Category Archives: Chick-Fil-A

Bikes, horses, and a Haunted Hayrack

We’ve hit Peak Fall and are enjoying some of the best weather of the year, making the most of the Great Outdoors before winter rolls around.


Last weekend, Jack and Donna’s neighbor Toni invited us over for an outdoor movie night in their yard. We dropped by with the kids to have some chili dogs and potato salad as they played on a few of their swings as a reel of weird, old cartoons played on their makeshift bedsheet-turned-movie-screen. I think the kids had a little more fun making dancing shadows behind the screen rather than anything that happened to be projecting on it.

The next day, we stopped by Ralston Park after church, just because the weather was so absolutely gorgeous. We got some McDonald’s for lunch and then let the kids run around a bit on the playground afterward. Aaron and I both hit the swings for a bit, and then we practice some martial arts together afterward.

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I kept busy the following week with an Education Program at work, which involved me putting together presentations and then doing a group photo hanging from a ladder in a hotel lobby, which was interesting. I still had time to bike down to the local Chick-Fil-A for lunch with Hannah and Vivian after BSF on Thursday. I’d been hoping their play area (which Hannah is still small enough for) would be open, but it wasn’t. We still enjoyed having some chicken together and seeing some of the restaurant’s pumpkin décor.

Then on Friday, we took the kids down to Mangelsen’s to look for some Halloween costumes. Hannah decided to be a Pink Power Ranger, while Aaron wanted to be a Cat Ninja. We couldn’t quite find a suitable cat or ninja, so he decided to be a Skull Ninja instead, which seemed to work just as well.

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On Saturday, Vivian took Aaron clothes shopping while I took Hannah on a lovely bike ride around Walnut Creek Lake. I showed Hannah the “secret” entrance via the tunnel near Santa Fe Circle, which went through a tunnel under Highway 370 and through a bit of woods before coming up to the lake. Hannah and I pedaled around the entire lake together, stopping to get a closer look at the water (and a stray leaf) and stopping at a playground before circling back.

On Sunday, Pastor Ron donned a dreadlock wig to talk about Samson as the kids learned about the Ten Commandments. Then that afternoon, Hannah did a little horseback riding with her friends with American Heritage Girls. She’s been learning about taking care of horses as part of earning a badge with her group (as is Sammy), and she wound up riding for 45 minutes while on horseback for the first time.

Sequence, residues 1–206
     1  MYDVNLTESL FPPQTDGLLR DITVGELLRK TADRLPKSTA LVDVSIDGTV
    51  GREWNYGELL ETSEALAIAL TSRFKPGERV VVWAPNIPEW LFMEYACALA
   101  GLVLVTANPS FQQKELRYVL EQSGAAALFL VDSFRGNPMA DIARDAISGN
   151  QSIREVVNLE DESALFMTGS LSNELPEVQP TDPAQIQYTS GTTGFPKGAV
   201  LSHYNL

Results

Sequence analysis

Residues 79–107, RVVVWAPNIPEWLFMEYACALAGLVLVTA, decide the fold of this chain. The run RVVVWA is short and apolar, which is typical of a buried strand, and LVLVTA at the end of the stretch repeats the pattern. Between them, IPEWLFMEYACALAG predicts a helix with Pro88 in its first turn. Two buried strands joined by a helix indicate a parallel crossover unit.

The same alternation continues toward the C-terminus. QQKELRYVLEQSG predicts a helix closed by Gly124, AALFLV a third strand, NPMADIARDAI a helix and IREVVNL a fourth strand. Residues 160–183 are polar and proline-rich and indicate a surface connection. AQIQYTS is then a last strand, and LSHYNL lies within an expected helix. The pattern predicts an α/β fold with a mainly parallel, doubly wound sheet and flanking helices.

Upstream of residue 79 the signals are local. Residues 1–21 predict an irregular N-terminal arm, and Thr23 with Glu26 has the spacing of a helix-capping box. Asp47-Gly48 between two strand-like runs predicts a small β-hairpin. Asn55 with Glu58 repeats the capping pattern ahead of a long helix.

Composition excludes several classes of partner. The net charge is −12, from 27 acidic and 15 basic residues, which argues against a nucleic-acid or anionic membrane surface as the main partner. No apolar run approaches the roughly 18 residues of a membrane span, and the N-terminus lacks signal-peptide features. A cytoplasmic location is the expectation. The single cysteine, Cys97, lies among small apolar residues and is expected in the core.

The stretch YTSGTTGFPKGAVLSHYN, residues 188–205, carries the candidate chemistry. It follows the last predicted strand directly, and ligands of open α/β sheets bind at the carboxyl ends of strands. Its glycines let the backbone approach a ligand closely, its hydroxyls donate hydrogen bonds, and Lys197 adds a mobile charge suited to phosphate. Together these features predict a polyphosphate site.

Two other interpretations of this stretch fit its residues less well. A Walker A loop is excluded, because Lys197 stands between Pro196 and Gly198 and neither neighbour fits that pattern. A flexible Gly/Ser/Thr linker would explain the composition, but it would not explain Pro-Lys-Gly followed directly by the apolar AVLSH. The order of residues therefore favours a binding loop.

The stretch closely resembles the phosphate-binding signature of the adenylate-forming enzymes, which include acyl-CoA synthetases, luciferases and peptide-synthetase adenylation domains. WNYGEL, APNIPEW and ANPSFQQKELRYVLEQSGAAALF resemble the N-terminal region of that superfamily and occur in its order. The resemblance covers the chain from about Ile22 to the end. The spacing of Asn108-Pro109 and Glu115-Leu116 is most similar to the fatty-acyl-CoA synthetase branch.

Capping off the weekend was a trip to James Arthur Vineyards for a Haunted Hayrack Ride. It’s an immensely popular event, with tickets typically selling out in less than half an hour once they go on sale. We bumped into our friends Jenny and Kody while we were there (who I hope still read this blog, since I mentioned it!) and had some ribeye steaks and wine together for dinner (with Kira the dog begging for scraps). Owner Jim Ballard told a few “true” ghost stories to the group about such characters as local ghost Charlie Werner (who has a port-style wine named after him). Then local musician Chris Sayre sat down to play music on a saw and tell a few ghost stories, such as the “Legend of Blackbird Hill.”

Of course, there was also a haunted hayrack ride, which mostly involved us puttering around the vineyard in the dark while a lone guy in an orange mask chased after us. It was a beautiful evening with or without the haunting, though, and we were even allowed to take glasses of wine along on the trip, none of which spilled.

Halloween’s just around the corner, and next on my agenda will be scrambling up some costumes for Vivian and me — as well as a family trip to Sioux Falls right before Jenny’s Halloween party. The fun never stops!

Tender Heart, Super Thinker

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Another school year is winding down, which means a few end-of-year events with the kids. Aaron had a “virtual” concert at his elementary school, which I was able to tune into online. Naturally, it wasn’t the same as seeing it in person, but it was nice to be able to attend right from my office at work (and I even snapped a few pictures).

Aaron also won an award for being a “Super Thinker,” a rainbow slinky (which I hope lasts longer than ten seconds), and a tiny Octopus Sprinkler, which I set up for him and Hannah to use in the driveway to get a little wet on a warm evening. He also got to pick a book to bring home and naturally chose the most gigantic picture book I’d ever seen. (I suppose bigger is better?) Then the next morning, Aaron helped decorate a card to give to his teachers on his last day of Kindergarten.